Thursday, February 25, 2010

Scriptural unity for the Anglican Communion

One of the phrases of Anglican life which we can neglect occurs in the Thirty-Nine Articles. It is 'contrary to God's Word written', in Article 20, Of the Authority of the Church. The full article reads:

"The Church hath power to decree Rites or Ceremonies, and authority in Controversies of Faith: And yet it is not lawful for the Church to ordain anything contrary to God’s Word written, neither may it so expound one place of Scripture, that it be repugnant to another. Wherefore, although the Church be a witness and a keeper of holy Writ, yet, as it ought not to decree any thing against the same, so besides the same ought it not to enforce any thing to be believed for necessity of Salvation."

Whatever view Anglican churches around the Communion take on the role of the 39A, the fact is that we all adhere to Scripture as the document at the heart of our life, especially of our weekly liturgical worship and the daily office. Scripture is only meaningful if it is not only read, but also applied to our lives. Fundamentally, to live Anglicanly 'contrary to God's Word written' would be to unravel Anglicanism.

Hence it is crucial to the future of each Anglican church as well as to the Communion as a whole that we not only read Scripture, but also live by it, which necessarily means we do work on interpreting the Bible so that we live consistent with Scripture and not contrary to it.

Thus we observe the following taking place around the Communion at this time. (1) Some situations in which Anglicans are waking up to the fact that this work has been neglected and must now be done before it is too late: Bishop Pierre Whalon, in a post noted below, is the siren sounder on this for TEC. That TEC is not as far down this pathway as some of us have supposed is intriguingly represented by the ifs, buts, and maybes of this resolution of the Diocese of Virginia! (2) Robust debate on the internet (at least) about whether ordaining women as presbyters and bishops is contrary to Scripture or not, with this bite to the debate, How will the Church of England introduce women bishops into its life?

With respect to that question for the C of E I suggest it would be timely to renew engagement with the scriptural basis of Anglo-Catholicism. I should quickly say that much of Anglo-Catholicism (as with much of Roman Catholicism) is consistent with Scripture. But is it all? I raise this question because if the way forward for the C of E introducing women bishops is also to preserve a request for at least two sectors of its life (e.g. Forward in Faith, Reform movements) to not have to experience the sacramental or preaching ministries of women bishops, a bare minimum reason for positively responding to the request is that Anglo-Catholicism adheres to the spirit and principle of Article 20, that we should do nothing contrary to God's Word written.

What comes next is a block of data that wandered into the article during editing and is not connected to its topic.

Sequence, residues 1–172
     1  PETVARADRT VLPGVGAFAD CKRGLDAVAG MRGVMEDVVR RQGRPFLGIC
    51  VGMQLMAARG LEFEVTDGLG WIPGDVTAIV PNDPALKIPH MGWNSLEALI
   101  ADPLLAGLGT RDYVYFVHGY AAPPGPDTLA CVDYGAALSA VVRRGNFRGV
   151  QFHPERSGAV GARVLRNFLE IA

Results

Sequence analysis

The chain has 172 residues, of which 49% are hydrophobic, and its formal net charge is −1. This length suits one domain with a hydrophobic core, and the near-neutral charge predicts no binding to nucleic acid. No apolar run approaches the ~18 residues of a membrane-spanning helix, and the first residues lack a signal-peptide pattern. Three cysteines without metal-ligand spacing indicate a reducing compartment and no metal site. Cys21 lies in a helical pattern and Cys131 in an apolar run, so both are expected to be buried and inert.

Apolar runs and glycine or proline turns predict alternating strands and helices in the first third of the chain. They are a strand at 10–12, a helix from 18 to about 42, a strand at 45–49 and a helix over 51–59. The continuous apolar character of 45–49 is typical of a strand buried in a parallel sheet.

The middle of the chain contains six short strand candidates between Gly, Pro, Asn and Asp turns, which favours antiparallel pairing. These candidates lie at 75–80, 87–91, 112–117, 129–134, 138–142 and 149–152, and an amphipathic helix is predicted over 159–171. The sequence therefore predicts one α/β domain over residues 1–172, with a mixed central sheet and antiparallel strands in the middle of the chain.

Mutatis mutandis, the question needs to be asked of Reform, in the light, for instance, of Tim Harris' comment in a post below, whether it is in fact ministering contrary to God's Word written, at least inasmuch as it may sincerely but mistakenly believe that the principle of male headship is taught in Scripture. Is the establishment of a ministry based on the principle of male headship, allied with a request to the church to preserve this ministry consistent with Scripture or contrary to it?

There is work to be done. Careful, painstaking exegetical and hermeneutical work. But it would be worth doing. Christian unity, ultimately, is unity around shared truth. The distance, for instance, between Reform and the (general tendency of the) Church of England might be better overcome by returning again to the study of Scripture rather than by legal arrangements made under the threat of withdrawal of funding.

In one sense I agree with those critics of the Covenant who say that it will not bring about unity in the Anglican Communion. True unity in the Communion will not be achieved while individual member Anglican churches are not united. The unity of the Church of England and the unity of Anglicanism in North America is a concern for us all. A key step forward is to return to the study of Scripture. My general point here is that we may need to study it with greater intensity and care than we have hitherto done so.

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